What task is more difficult than parenting? And what could be more important? Why not take 9 months to explore what the Bible has to say about this all-consuming task?
We've assembled a useful mix of studies that looks at raising Christ-centered children, examines how to discipline them, addresses materialism, and sex. We also give you tools to decide what is best for your child's education and to think through divorce, adoption, special needs, and how to deal with parental guilt. Because of our downloadable studies and liberal policy that allows you to make up to 1,000 copies, gone are the days that you have to put in advance orders and collect money for each study book.
In this packet, we've included 38 sessions, so you are covered for about 9 months of weekly studies. And because it would be costly to order the studies individually, we've discounted them as a package by almost 50%.
Raising Christ-Centered Children (6 Sessions)
What we want more than anything for our children is that Christ becomes the passion of their lives. To help us do that, this study focuses on how we can discipline our children with unconditional love, raise counter-cultural teenagers, and overcome our parenting fears. It also examines how friendships make us better parents, shows the importance of parents presenting a united front, and teaches us how to model self-confidence for our kids.
Drawing the Line (6 Sessions)
We all want to raise responsible, respectful, and successful children, but sometimes it's difficult to know how to do that, or it seems that none of our methods are working. Parenting raises a lot of questions. How can we avoid raising children who feel they can never quite measure up? How does rescuing our children from the consequences of their choices and behaviors undermine discipline? What roles, if any, do negotiation and compromise play in discipline? Should we require our kids to do chores, and how do we do that? How do we prepare them (and ourselves!) for their adolescence? This study will explore these practical, crucial questions.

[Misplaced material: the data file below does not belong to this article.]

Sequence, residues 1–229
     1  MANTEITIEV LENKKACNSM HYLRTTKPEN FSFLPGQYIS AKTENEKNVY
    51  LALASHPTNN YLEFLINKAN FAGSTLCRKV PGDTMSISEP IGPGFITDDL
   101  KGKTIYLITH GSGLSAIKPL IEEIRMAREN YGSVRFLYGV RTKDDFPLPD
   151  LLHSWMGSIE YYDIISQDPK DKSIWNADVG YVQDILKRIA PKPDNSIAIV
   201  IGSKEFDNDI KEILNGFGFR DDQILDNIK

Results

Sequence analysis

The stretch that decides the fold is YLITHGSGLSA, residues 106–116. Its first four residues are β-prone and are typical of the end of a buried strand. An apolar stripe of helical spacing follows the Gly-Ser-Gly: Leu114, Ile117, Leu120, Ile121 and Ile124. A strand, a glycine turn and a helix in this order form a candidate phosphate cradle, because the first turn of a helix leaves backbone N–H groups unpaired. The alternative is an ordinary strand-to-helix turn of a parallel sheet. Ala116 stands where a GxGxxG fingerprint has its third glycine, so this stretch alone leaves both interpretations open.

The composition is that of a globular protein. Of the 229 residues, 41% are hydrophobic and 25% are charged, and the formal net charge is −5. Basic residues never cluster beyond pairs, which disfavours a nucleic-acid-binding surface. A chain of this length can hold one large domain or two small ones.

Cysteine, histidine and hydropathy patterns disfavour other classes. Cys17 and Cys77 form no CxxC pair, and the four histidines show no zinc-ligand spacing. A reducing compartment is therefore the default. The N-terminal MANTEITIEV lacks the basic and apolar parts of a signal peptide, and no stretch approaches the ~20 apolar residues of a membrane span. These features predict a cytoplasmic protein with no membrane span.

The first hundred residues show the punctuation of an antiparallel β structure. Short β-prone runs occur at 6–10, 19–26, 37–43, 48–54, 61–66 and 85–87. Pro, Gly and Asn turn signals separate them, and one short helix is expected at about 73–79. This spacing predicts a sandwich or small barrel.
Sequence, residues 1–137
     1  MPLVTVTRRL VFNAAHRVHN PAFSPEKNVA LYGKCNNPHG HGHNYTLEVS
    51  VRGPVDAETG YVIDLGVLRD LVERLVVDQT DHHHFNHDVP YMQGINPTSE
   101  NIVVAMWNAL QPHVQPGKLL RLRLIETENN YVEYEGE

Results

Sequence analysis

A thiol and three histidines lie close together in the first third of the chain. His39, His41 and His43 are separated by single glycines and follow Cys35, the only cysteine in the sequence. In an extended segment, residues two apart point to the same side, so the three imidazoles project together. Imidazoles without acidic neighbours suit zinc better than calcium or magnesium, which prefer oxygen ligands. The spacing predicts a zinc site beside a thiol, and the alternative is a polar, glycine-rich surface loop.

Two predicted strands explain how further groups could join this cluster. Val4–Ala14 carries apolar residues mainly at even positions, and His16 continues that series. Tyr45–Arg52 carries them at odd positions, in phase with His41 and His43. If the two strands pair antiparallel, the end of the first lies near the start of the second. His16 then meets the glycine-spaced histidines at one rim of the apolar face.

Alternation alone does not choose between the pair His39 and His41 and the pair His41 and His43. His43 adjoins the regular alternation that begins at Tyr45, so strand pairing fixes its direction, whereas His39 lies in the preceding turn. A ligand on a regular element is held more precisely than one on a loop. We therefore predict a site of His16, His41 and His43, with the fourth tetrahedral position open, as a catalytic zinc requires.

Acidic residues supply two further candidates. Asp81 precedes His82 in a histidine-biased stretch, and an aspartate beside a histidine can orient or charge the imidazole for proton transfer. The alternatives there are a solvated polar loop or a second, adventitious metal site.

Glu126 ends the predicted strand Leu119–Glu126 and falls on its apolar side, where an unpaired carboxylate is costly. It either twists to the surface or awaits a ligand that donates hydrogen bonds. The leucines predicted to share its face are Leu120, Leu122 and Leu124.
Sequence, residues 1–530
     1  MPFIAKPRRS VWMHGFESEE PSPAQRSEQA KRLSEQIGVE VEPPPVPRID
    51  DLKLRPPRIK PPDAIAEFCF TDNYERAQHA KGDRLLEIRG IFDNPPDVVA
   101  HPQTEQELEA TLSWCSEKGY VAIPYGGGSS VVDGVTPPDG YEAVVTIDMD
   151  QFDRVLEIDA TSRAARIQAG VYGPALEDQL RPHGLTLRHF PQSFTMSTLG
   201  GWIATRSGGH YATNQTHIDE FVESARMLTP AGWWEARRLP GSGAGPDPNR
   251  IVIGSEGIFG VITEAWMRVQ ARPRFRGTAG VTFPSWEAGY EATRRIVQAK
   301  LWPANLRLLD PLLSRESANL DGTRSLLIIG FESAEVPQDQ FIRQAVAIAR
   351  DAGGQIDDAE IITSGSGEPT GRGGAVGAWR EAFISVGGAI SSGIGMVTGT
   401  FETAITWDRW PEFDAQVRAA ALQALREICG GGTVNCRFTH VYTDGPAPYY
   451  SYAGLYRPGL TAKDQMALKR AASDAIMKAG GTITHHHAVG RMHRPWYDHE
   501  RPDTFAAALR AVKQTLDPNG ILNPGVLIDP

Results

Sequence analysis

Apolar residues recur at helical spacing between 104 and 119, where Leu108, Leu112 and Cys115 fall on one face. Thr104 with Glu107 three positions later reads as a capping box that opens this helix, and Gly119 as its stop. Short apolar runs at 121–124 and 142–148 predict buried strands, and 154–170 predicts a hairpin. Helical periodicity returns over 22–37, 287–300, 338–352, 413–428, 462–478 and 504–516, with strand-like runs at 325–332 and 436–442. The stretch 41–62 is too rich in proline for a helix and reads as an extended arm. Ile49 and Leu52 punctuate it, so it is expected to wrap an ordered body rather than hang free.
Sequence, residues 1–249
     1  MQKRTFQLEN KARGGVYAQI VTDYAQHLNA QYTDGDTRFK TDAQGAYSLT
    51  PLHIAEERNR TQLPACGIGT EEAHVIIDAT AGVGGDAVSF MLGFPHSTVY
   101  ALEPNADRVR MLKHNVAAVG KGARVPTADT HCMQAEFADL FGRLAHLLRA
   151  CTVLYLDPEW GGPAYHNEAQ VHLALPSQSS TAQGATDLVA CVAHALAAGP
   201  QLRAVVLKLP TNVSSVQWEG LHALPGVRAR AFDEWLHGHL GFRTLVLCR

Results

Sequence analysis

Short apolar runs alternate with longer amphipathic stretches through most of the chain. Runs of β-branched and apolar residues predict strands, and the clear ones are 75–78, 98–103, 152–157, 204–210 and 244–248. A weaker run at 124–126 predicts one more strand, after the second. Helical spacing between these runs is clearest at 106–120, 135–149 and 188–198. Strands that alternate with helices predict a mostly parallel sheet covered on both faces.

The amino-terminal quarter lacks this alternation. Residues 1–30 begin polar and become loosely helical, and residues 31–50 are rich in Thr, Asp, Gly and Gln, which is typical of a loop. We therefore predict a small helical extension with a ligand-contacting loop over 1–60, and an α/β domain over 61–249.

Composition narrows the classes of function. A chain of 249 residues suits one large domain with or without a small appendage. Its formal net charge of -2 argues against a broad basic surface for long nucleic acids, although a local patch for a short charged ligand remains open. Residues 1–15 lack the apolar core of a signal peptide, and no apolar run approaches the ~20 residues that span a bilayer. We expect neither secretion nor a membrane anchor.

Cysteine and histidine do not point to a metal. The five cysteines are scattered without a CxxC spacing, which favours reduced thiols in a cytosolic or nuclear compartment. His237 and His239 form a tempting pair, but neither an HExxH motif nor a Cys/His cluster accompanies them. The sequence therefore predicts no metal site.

Children and Materialism (4 Sessions)
Materialism permeates our everyday life. Commercials, magazines, and the Internet blare societal values that are distinctly worldly, not godly. As a result, many of us have far more possessions than we actually need or use, and this tendency to accumulate things sends the wrong message to our kids. Ever heard the expression "values are caught, not taught"? We need to walk the truth before our children, not simply share it with them. This study brings us back to basic truths and helps you grapple with how to teach children biblical values such as sacrifice, generosity, and stewardship in an age of abundance.
A Father's Legacy (1 Session)
A father's recognition of his child has great value and incredible power. Giving blessings to our children is one of the most crucial actions a father can do to let his children hear and feel his unconditional love, which mirrors the love of our heavenly Father. This love-no-matter-what is a legacy of solid emotional growth for a man's children. What does it mean to "bless" our children? How do we go about giving children the type of blessings they need from their fathers? This study provides a foundation for understanding the power of blessings and outlines practical steps fathers can take to bless their children.
Developing the Spiritual Life of Children (6 Sessions)
Passing our faith onto our children is vital. How can we help them want to know Christ? This course discusses how to make God real to your children by teaching them how to pray, making church a positive experience, helping children make their faith their own, and using stories to make the Bible come alive.
Who's Teaching the Children? (1 Session)
Michelle Leise says that church with young children is "one long hour of multitasking. I pray with one eye on my kids. I listen to the sermon while retrieving granola bars from the floor. I sing along to hymns as I fish children's books out of our backpack." Her article raises the question: How should we teach our children about the faith? This study looks at biblical instructions given to the Hebrews and brings those principles to our present-day task.
Public, Christian, or Home School? (1 Session)